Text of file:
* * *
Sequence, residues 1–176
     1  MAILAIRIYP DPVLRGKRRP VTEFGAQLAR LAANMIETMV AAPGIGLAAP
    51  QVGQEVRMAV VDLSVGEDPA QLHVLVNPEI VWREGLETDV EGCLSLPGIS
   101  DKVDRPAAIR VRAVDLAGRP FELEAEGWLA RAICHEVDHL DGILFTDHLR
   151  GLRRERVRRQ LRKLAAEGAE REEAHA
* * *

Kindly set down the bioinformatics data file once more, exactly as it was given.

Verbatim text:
Sequence, residues 1–176
     1  MAILAIRIYP DPVLRGKRRP VTEFGAQLAR LAANMIETMV AAPGIGLAAP
    51  QVGQEVRMAV VDLSVGEDPA QLHVLVNPEI VWREGLETDV EGCLSLPGIS
   101  DKVDRPAAIR VRAVDLAGRP FELEAEGWLA RAICHEVDHL DGILFTDHLR
   151  GLRRERVRRQ LRKLAAEGAE REEAHA